This guest blog is by Alison Summers, and is reposted with permission from her blog Belle de Lettres. For information about Alison see below.
I have just returned from a week’s holiday on a Scottish island. My travelling companions comprised my 96 year old mother and her 80 year old cousin. Both women were at the top of their field (teaching and medicine) before they retired. My mother is now barely able to walk with a stick and does a bit better with her zimmer trolley. Her cousin can only walk short distances and on level ground.
Every morning I have to give mum her pills, remove her nightie and adult nappy, help her into the bathroom where she levers herself painfully on to the loo and washes her face, underarms and bottom with two flannels soaked in Dove cream wash and hot water. It is like watching a rusty robot or a badly managed puppet. Every movement takes a huge effort of both mind and body. Mum is so thin that I am scared of helping her in case I bruise her.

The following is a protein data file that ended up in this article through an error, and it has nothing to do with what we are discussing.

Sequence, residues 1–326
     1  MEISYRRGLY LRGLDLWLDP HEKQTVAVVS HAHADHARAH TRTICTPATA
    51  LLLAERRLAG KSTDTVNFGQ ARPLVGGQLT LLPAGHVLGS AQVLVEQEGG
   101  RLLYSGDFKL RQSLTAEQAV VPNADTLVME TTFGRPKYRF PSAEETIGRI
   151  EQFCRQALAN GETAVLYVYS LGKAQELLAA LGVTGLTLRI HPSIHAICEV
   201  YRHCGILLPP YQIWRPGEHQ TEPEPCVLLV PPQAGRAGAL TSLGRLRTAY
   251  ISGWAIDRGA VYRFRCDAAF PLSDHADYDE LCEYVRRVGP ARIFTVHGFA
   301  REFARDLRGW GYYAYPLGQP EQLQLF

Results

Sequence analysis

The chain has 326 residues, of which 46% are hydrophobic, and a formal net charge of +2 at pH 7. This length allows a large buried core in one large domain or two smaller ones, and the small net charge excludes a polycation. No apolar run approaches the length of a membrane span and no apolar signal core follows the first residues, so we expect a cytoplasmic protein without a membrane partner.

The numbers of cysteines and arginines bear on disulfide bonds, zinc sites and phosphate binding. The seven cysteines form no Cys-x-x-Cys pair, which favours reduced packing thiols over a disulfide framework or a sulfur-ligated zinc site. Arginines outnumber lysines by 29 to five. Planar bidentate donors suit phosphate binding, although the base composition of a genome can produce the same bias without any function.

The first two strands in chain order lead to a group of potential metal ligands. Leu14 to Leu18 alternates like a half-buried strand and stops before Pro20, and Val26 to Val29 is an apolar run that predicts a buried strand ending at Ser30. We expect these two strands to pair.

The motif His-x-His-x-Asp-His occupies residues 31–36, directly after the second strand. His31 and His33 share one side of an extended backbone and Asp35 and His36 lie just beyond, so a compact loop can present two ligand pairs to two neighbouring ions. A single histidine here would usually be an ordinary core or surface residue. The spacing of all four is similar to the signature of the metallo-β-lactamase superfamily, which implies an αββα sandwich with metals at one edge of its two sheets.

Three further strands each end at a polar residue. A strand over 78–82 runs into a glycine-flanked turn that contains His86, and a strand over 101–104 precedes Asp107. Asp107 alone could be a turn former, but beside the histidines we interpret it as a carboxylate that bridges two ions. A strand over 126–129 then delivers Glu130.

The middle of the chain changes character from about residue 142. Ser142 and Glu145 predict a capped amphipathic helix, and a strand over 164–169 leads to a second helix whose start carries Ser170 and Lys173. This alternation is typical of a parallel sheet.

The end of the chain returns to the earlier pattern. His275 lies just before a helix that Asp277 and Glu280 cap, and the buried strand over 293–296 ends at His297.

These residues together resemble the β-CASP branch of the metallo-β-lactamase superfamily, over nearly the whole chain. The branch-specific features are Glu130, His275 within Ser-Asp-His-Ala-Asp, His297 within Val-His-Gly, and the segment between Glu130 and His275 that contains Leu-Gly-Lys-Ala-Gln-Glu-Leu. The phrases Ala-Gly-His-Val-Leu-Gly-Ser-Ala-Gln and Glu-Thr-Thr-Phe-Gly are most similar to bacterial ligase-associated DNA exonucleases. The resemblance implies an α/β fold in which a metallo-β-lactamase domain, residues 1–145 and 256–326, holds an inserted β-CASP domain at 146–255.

Back into the bedroom where I persuade her to sit on the end of the bed instead of the side of the bed where there is no room to manoeuvre. On with a fresh nappy, a vest, blouse and then the dreaded tights. Mum sticks both feet out at once. Her toes are not pointed but turned up, making it hard to put her feet into her tights. One time I nick her skin with my nail as I wrestle the tights over her shins and her leg bleeds profusely. Blouse, skirt and cardigan next then Mum wedges her feet into her shoes and collapses gasping on the bed. I leave her to recover and get dressed myself. Then I give her her false teeth, at which each morning she expresses surprise as though she has never seen them before and brush her hair. It used to fall to her waist but last year she agreed to have it cut into a more manageable page boy. All this happens in reverse at the end of the day. Mum moves slowly around the room, occasionally leaning heavily on the (switched off) wall heater. I am terrified it may fall off the wall.